Whether to use Myers Briggs® Part two (continued from executive recruitment part 1)
Use of the MBTI in recruitment can lead to poor business decisions for three main reasons:
Lack of a faking scaleWhen candidates complete a recruitment questionnaire, their answers can be influenced by what is quaintly known as "motivational distortion". Consciously or unconsciously they may recognise the types of behaviours that the organisation is looking for and their answers reflect that perception rather than their own personality. When this happens, the results of the questionnaire may be unreliable or even misleading.
Good recruitment questionnaires contain faking scales, which help identify the extent to which responses have been influenced by motivational distortion. The MBTI does not have a faking scale, so you don't know whether the result is a true reflection of the individual, or an image that is projected for the benefit of the interviewer.
Lack of predictive validity"Validity" is an important concept in psychometrics. It answer the question: does the questionnaire do what it claims to do? Eg: if a questionnaire claims to measure IQ, can we be confident that "intelligent people" score more and "stupid people" score less? In a few extreme cases, there have been some questionnaires used for assessment where the results have been the opposite of what was required (ie: capable people achieve a lower score). This had the effect of deselecting the best candidates.
"Predictive validity" is a particular type of validity that is required for recruitment. It asks the question whether the psychometric is able to predict how the person might behave at some point in the future - ie: if they were to be offered the job and join the company. Any tool used to support recruitment decisions needs to have predictive validity.
The Myers Briggs Type Indicator does not have any predictive validity. Nor do the publishers claim that it has any predictive validity.
In fact, knowing someone's personality type (ie their personality 'preferences') does not predict how someone will behave, because people can and do behave in many and different ways, including behaviours that are not their preference.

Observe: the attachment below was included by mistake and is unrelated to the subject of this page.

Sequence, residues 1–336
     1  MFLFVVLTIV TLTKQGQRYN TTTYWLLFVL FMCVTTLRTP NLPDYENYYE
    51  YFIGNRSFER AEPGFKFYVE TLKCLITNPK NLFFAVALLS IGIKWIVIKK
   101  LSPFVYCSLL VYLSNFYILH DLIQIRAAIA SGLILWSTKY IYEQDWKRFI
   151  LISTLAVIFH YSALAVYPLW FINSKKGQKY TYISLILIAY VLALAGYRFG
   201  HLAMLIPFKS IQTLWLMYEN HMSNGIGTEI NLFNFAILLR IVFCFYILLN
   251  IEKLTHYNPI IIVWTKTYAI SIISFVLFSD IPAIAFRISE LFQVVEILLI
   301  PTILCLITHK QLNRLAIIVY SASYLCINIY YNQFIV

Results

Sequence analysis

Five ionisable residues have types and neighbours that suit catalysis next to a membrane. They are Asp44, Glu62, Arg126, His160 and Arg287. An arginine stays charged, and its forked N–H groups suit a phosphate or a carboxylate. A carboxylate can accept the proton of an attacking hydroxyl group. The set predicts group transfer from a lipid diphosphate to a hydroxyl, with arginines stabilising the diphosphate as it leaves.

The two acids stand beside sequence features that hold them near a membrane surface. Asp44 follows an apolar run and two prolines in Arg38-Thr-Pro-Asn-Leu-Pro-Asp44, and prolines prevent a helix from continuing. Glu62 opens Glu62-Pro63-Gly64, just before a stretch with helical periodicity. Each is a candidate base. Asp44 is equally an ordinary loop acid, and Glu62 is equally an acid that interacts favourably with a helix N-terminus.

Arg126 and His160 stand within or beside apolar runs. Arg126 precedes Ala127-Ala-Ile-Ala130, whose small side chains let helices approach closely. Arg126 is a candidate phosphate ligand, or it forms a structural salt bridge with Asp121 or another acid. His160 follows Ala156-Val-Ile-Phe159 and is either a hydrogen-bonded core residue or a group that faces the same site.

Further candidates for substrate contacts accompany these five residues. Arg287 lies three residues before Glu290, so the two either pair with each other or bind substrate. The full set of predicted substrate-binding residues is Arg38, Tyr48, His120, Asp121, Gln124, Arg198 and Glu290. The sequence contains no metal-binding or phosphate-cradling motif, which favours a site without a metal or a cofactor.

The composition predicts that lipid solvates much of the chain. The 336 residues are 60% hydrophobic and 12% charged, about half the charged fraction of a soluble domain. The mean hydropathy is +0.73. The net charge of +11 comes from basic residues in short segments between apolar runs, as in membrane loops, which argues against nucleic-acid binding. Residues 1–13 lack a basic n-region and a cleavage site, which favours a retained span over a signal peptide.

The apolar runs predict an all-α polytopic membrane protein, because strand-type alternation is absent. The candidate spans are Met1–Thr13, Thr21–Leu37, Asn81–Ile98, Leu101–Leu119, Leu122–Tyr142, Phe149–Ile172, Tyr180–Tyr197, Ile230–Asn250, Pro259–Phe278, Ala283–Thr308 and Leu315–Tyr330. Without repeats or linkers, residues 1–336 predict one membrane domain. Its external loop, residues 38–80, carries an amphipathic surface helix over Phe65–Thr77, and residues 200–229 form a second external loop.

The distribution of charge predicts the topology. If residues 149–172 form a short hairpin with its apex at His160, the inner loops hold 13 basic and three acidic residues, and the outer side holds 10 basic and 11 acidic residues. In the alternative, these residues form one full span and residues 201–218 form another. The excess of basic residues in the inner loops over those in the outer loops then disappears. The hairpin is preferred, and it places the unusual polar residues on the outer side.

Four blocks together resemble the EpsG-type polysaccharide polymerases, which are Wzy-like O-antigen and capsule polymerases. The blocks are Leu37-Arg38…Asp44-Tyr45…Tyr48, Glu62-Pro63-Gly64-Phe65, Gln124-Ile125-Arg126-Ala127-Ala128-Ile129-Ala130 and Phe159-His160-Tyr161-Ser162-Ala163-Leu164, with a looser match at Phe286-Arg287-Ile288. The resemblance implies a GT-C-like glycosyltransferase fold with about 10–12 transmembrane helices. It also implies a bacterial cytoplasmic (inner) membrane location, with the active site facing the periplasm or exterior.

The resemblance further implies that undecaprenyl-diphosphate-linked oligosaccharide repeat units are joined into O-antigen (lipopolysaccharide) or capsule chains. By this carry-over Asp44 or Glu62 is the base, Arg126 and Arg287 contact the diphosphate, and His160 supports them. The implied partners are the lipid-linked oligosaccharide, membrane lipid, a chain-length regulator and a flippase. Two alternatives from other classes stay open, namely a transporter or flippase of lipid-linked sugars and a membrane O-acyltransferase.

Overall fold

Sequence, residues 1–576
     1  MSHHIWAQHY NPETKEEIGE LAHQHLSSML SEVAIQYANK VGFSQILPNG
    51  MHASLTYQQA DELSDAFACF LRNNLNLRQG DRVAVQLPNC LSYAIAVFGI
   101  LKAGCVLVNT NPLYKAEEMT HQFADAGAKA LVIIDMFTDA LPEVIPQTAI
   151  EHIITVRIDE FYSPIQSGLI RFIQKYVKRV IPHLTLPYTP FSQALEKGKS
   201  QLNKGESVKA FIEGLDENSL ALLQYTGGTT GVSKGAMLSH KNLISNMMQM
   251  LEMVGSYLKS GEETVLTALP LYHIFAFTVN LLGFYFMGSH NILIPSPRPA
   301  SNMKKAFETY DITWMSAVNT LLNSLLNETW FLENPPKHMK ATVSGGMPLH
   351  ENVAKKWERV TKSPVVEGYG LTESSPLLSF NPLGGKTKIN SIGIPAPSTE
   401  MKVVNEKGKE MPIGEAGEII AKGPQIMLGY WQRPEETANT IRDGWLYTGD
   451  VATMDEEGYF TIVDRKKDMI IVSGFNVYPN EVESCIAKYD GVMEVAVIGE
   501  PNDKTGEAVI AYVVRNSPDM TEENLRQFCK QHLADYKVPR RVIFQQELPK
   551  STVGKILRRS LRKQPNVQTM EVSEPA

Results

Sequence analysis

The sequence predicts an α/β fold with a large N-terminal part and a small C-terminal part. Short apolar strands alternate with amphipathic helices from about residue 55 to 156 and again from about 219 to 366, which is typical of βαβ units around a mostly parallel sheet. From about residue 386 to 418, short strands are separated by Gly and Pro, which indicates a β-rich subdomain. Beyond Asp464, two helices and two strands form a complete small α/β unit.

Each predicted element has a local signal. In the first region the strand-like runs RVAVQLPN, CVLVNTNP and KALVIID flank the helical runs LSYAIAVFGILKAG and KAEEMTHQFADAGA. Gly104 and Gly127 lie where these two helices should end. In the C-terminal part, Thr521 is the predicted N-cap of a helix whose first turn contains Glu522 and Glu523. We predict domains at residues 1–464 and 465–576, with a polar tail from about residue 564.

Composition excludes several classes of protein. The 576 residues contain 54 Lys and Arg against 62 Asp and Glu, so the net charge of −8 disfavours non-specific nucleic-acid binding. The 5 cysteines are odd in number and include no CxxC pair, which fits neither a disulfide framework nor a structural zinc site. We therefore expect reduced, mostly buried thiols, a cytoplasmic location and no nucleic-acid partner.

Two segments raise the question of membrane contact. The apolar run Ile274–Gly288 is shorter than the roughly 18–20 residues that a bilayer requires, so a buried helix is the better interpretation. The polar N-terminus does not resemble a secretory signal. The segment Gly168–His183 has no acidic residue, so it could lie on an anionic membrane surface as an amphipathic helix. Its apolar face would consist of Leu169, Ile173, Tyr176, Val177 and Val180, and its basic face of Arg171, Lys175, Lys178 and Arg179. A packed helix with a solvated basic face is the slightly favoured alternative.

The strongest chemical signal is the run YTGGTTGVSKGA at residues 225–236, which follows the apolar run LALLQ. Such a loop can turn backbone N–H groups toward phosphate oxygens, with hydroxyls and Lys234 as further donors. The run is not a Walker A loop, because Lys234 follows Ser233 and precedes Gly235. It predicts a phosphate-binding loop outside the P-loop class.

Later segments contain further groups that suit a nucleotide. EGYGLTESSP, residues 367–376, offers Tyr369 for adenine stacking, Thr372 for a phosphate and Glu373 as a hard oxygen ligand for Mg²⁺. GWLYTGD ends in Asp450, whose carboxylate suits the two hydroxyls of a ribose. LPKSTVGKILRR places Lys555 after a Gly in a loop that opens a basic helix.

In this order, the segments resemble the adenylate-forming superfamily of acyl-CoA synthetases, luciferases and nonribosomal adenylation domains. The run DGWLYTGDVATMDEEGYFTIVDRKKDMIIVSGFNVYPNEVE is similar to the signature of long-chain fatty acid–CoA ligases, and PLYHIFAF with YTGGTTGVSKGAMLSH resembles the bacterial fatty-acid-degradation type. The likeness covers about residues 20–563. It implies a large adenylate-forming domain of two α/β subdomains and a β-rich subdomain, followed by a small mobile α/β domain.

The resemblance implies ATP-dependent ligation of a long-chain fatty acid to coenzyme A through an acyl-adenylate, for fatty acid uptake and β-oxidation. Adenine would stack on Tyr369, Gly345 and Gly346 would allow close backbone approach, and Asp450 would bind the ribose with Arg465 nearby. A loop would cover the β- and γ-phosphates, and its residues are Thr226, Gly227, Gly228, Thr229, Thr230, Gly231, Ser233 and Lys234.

By way of analogy, you may have a preference for using your right foot, but this does not mean you won't use your left foot - it would be very dysfunctional to try hopping everywhere rather than walking! Also, you may be left-handed, but this does not mean, whilst driving, you will always change gear with your left hand. Rather, you will use whichever hand is nearest the gear stick (eg: in the US and Europe, that is usually your right hand). For similar reasons, in a job there are many factors that determine behaviour other than personality type - and personality type does not predict behaviour.
Conflation of preference and competenceThe final reason for not using the MBTI questionnaire in assessment is that it tries to measure preference but not competence - and there is an important difference between the two. If your candidate prefers to behave in a certain way, but is poor at it, this could be somewhat disastrous for you. The MBTI won't help you identify people in that category because it doesn't distinguish between levels of competence.
Some argue that the MBTI can be used in recruitment "for information only". That is, the recruitment decision is not based on the MBTI type, but it is still useful to know. However, this can still be misleading - especially for those who have a peripheral involvement in the recruitment process - because of the tendency to conflate the two concepts of preference and competence. For example, many people assume that "extraverts are better at dealing with people..." or "introverts have better thought-through ideas...". These mistakes are likely to be made by those involved in the recruitment process, but the statements are incorrect. Whilst this misunderstanding can be countered through education/training for all involved in the recruitment process, it is time-consuming and expensive, and rarely done.
Therefore, any minor benefit that might be gained from having MBTI type as "information only" is far outweighed by the potential for misunderstanding.
ConclusionUsing the MBTI in executive recruitment could provide misleading information and result in poor recruitment decisions. There are some MBTI practitioners who will use the questionnaire in this context. However, what they are doing is breaching the code of practice for using the MBTI, and in their ignorance they may be providing businesses with misleading information.
If you are going to use psychometrics for executive recruitment, then use a questionnaire that has predictive validity, includes a faking scale, and measures actual behaviours rather than preference. Not the MBTI.